A man inspired to learn how to upcycle furniture when he was just a teenager is marking 40 years in the trade.
On School Lane in Liverpool City Centre, tucked away in the storage units of Store Away, Vincent Snowball works his magic. He said: "I find furniture that people are giving away or are taking to the tip and then I bring it back to the workshop to restore."
What many people see as an old piece of furniture, destined for the tip, upholsterers like Vincent see as a blank canvas that can be redesigned into something new. He said: "When I get a piece of furniture I strip it down to it's frame and rebuild it from there using solid timber and good quality foam for the cushioning if need be."
Vincent is looking to take on an apprentice to help him as his workshop expands.
He wants to inspire someone in the way his mentor, Tony Mendy, encouraged him to learn upholstery 40 years ago. The upholsterer from Park Lane said: "When I was 19 I was in and out of trouble and it was my probation officer who offered me a job at onward industry on Vauxhall Road. When I got there and saw [who would become] my mentor Tony Mendy upholstering furniture I thought 'I want to do that'."
He said: "Tony was also a similar age as me and seeing how well he was doing really inspired me… Without Tony's incentive I wouldn't be here."
From there Vincent went to college to learn the art of upholstery while also running his own business on the side which he has continued to do ever since.
Upholstery is the process of replacing furniture with a covering and fitting springs and cushioning to make the furniture comfortable. Jobs can be as small as a stool and as a big as upholstering the interior of a pub; which was Vincent's biggest job to date.
The process of upholstery is a long one with jobs taking anywhere from a week to months. Vincent said: "It's so satisfying finishing a job, that's my favourite part of the job is when you see the product at the end of a project."
Closely related to upholstery is upcycling furniture, which is when old furniture is given a new lease of life by replacing the old or damaged seat cover or cushioning. This is the business Vincent runs from his workshop which he is currently in the process of setting up fully.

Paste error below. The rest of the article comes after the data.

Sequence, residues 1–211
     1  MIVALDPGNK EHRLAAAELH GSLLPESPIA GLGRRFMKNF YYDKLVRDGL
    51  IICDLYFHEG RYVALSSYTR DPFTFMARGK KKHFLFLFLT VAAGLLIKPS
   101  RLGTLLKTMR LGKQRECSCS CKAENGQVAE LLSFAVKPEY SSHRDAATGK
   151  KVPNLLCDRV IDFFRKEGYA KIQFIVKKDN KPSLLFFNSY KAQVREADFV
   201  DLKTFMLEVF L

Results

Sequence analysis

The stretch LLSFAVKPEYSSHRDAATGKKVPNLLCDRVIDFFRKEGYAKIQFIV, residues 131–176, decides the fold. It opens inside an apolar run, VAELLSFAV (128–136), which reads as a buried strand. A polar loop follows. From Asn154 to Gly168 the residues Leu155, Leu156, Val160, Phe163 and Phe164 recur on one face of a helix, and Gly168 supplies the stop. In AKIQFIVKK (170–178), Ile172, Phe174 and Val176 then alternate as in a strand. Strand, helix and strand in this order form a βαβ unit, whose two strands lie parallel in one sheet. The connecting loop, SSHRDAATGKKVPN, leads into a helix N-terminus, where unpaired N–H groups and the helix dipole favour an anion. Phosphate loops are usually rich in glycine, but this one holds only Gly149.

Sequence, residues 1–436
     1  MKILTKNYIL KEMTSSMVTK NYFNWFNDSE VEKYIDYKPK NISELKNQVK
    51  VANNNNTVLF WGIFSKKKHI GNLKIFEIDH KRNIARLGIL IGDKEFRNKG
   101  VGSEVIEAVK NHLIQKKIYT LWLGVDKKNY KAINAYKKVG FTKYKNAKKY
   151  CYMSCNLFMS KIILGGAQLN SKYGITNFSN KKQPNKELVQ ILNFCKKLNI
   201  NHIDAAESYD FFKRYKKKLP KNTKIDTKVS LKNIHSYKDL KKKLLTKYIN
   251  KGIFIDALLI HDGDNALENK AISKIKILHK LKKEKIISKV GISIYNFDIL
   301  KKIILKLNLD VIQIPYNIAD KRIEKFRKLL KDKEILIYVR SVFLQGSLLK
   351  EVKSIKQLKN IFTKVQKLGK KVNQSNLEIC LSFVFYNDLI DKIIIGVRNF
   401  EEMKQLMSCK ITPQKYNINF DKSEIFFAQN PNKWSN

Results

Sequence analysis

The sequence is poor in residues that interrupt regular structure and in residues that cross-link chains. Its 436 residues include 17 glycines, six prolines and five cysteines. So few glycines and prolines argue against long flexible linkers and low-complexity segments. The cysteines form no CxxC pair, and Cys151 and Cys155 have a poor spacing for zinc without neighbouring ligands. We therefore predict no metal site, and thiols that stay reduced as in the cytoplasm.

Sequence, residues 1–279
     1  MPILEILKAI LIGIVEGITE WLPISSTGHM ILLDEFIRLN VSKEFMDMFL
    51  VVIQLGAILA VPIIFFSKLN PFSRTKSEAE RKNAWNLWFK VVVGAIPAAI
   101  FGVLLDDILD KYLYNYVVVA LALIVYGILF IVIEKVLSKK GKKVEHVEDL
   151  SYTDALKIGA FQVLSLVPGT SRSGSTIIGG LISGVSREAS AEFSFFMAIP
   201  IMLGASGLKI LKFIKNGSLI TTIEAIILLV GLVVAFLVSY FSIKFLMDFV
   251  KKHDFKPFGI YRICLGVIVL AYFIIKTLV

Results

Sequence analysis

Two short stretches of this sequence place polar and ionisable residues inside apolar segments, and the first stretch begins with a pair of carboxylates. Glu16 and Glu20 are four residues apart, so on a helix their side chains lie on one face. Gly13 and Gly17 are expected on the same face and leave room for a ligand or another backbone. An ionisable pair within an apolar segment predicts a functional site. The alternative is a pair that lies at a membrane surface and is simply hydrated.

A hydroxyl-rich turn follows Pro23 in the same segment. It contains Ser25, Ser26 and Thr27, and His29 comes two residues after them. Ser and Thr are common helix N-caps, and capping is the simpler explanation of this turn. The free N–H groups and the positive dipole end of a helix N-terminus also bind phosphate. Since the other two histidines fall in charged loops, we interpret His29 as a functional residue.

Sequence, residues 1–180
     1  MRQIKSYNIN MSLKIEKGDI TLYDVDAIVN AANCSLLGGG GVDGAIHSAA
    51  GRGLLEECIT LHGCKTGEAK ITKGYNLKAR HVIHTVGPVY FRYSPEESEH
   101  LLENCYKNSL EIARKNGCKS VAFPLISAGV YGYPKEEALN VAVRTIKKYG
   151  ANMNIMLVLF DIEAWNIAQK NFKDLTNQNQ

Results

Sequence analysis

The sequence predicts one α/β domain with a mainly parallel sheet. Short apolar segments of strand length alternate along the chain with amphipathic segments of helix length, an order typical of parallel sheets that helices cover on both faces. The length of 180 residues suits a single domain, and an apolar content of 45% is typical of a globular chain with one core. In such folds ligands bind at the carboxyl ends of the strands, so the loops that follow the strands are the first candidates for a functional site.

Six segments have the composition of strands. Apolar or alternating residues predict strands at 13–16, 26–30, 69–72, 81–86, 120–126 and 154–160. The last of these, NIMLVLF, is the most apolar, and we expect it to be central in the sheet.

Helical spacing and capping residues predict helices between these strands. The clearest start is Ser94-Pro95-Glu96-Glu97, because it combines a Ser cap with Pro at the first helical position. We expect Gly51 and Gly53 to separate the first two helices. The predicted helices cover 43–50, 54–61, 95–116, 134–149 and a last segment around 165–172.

Having lost his old workshop in West Derby during covid; Vincent found a new home in Store Away. He said: The owner Richard Lanyon was impressed by my work so he asked me do some furniture for him and offered me a space in his storage units."
Vincent takes both commissions from people, on top of the unwanted furniture he finds. With the growing popularity of upcycling furniture, as people become more environmentally conscious, Vincent is starting to expand his business.
He said: "I'm just getting started on this new venture. I use to rely on word of mouth to get customers but now I'm looking at putting out some adverts and setting up a website."
Working with organisations, like The Kuumba Imani Millennium Centre, Vincent is now looking to take on an apprentice. He said: "I'll take anyone on as an apprentice of any age as long as they want the job and want to learn the trade I'll happily teach them."
This doesn't mean Vincent hasn't had a helping hand over the years, chiefly from his granddaughter. The grandad said: "She's amazing when she works on the furniture it's like she's a natural."
Vincent is hoping to have a website and fully operating business with an apprentice within the next couple of months. In the meantime he is still taking commissioners from customers on top of working on his own projects.